What is your dream retirement? My dream retirement is to have a small little bungalow, not to far to far from the beach, where I can walk in the morning and in the afternoon. It does not have to be secluded, but not in a major metropolitan area. In fact, I already have the spot picked out! ​

What would you like to see employers do more of to help caregivers? I touched on this subject 3D1in my book What’s The Deal With Caregiving. I would like to see employers create a work place culture that is supportive of Caregivers that is not government-mandated, yet created through collaboration with management and staff. When a business owner and the executive leaders create circles of collaboration among their employees, problems are solved creatively and quickly. Employers can be of tremendous help to Caregivers by simply acknowledging the Caregiving phenomena and creating policies that are advantageous to everyone involved in the process. The philosophy is a win/win for the business, the morale of the office, the Caregiver employee. When an employer treats staff like a beloved family and acknowledges that Caregiving is a part of the process of life for most, they gain respect of their people and create a workplace culture that supports the whole person and the entire community of employees for the long haul.   Smart employers adopt innovative ways to keep productivity high and help everyone become successful no matter what like throws at their staff.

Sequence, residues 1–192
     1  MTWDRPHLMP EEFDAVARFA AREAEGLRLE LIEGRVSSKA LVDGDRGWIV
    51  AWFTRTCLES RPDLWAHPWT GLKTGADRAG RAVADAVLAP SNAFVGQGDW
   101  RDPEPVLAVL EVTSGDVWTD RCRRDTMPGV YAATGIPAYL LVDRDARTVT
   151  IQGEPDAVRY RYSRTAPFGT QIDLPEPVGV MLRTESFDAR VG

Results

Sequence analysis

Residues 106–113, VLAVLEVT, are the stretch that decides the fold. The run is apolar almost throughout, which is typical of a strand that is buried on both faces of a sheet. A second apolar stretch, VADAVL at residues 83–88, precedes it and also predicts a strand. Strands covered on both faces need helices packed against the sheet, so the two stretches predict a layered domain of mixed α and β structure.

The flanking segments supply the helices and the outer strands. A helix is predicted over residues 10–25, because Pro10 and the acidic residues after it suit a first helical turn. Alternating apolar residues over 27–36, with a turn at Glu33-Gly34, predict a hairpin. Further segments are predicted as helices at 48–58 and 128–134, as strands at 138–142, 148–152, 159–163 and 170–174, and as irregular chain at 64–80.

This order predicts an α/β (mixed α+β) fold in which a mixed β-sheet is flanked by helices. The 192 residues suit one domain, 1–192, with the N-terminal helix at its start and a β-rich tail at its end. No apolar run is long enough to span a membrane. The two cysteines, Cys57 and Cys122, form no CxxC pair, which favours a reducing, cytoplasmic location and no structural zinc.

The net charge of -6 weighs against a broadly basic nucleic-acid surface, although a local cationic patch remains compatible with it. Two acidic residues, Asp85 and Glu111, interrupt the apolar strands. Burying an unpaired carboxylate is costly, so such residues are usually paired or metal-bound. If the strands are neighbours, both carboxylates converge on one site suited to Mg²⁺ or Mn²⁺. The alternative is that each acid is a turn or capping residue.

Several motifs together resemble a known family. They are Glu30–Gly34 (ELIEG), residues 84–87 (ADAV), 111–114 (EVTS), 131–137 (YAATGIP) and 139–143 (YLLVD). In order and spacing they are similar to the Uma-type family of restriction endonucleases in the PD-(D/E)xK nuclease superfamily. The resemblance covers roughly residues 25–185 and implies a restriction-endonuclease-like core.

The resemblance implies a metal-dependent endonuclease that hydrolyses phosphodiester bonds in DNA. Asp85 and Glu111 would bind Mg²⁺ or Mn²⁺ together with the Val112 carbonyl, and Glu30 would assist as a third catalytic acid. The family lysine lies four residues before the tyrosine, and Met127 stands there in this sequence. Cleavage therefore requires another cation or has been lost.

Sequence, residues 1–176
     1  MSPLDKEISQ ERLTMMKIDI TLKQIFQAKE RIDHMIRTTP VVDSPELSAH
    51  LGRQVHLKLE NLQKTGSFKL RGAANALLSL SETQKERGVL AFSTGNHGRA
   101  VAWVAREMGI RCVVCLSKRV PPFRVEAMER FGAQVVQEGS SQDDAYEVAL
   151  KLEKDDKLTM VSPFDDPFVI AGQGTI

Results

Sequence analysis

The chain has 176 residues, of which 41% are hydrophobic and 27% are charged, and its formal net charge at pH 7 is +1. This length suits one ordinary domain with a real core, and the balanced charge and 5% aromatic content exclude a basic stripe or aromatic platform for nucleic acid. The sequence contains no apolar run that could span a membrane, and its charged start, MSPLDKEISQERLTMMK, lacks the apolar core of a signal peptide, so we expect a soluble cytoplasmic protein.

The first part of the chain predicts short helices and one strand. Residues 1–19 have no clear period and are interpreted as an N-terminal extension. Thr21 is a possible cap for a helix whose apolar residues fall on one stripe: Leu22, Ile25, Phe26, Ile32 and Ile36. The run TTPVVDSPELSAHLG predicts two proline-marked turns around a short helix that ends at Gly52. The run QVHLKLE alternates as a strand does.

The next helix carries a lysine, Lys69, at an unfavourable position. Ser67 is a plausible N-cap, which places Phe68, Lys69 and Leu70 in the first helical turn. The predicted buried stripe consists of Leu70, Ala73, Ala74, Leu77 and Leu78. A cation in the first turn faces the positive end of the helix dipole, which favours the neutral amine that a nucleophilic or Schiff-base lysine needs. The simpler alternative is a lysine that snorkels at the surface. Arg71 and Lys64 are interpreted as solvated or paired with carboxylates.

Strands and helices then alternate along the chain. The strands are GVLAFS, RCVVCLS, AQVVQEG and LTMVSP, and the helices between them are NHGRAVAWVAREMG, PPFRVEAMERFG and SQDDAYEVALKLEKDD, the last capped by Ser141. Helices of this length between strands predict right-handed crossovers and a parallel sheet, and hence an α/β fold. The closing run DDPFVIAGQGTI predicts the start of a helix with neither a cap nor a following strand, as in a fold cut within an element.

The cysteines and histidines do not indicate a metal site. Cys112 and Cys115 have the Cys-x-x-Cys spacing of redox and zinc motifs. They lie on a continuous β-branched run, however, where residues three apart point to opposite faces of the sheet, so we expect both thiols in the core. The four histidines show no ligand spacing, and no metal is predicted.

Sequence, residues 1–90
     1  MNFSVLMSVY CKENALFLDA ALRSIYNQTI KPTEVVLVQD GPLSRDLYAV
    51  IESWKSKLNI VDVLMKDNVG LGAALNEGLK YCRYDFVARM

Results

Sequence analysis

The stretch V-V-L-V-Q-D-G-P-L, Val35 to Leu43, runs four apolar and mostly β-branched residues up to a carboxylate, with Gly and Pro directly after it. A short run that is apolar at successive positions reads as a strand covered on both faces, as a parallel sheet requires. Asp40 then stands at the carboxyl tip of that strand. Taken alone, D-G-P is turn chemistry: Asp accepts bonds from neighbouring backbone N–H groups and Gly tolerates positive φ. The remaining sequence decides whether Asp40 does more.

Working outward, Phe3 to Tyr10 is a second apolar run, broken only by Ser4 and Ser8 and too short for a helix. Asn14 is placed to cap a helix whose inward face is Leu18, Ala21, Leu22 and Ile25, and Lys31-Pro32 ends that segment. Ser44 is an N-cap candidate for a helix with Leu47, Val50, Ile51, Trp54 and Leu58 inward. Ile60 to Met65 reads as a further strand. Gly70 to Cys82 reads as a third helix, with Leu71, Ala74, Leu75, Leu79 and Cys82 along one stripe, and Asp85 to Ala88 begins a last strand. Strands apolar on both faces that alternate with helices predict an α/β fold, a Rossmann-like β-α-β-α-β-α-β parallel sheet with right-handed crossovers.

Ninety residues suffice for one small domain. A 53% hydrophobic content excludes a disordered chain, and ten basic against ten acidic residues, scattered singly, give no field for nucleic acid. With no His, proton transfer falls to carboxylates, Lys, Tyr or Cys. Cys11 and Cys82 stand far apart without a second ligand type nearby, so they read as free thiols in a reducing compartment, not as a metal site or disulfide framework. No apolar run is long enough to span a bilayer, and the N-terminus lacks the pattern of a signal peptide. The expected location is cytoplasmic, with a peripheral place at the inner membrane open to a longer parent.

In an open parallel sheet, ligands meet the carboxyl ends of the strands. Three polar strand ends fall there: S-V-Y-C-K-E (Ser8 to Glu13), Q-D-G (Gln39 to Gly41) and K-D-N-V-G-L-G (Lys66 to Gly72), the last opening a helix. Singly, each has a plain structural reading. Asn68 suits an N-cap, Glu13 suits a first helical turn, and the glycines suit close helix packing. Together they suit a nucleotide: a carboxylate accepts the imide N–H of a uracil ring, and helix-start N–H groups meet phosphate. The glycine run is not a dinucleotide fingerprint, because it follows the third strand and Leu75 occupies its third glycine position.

What would you like to see medical professionals do more of to support caregivers? I would like to see the medical professionals, especially the primary case physician, ask the Caregiver on a regular basis how they are doing!   Caregiver stress is an epidemic that has profound effect on the Caregivers’ health and well-being which in turn, will effect the health and well-being of their Caree. The CDC does not track Caregivers stress because the doctors are not asking about it, nor are the Caregivers talking about it.   One way to foster major change in the Caregiving phenomena is to track the stress level of the Caregiver. Stress affects all areas of life. Caregiver stress leads to lost wages, lost productivity, lost revenue. It’s a vicious cycle that keeps repeating itself because no one ever prepares to be a Caregiver, Caregiving just happens! Having the physicians simply ask about a Caregiver’s stress is one thing, being proactive to foster change by having the CDC recognize Caregiver stress would heighten the issue even further while fostering change that would have a positive impact on everyone!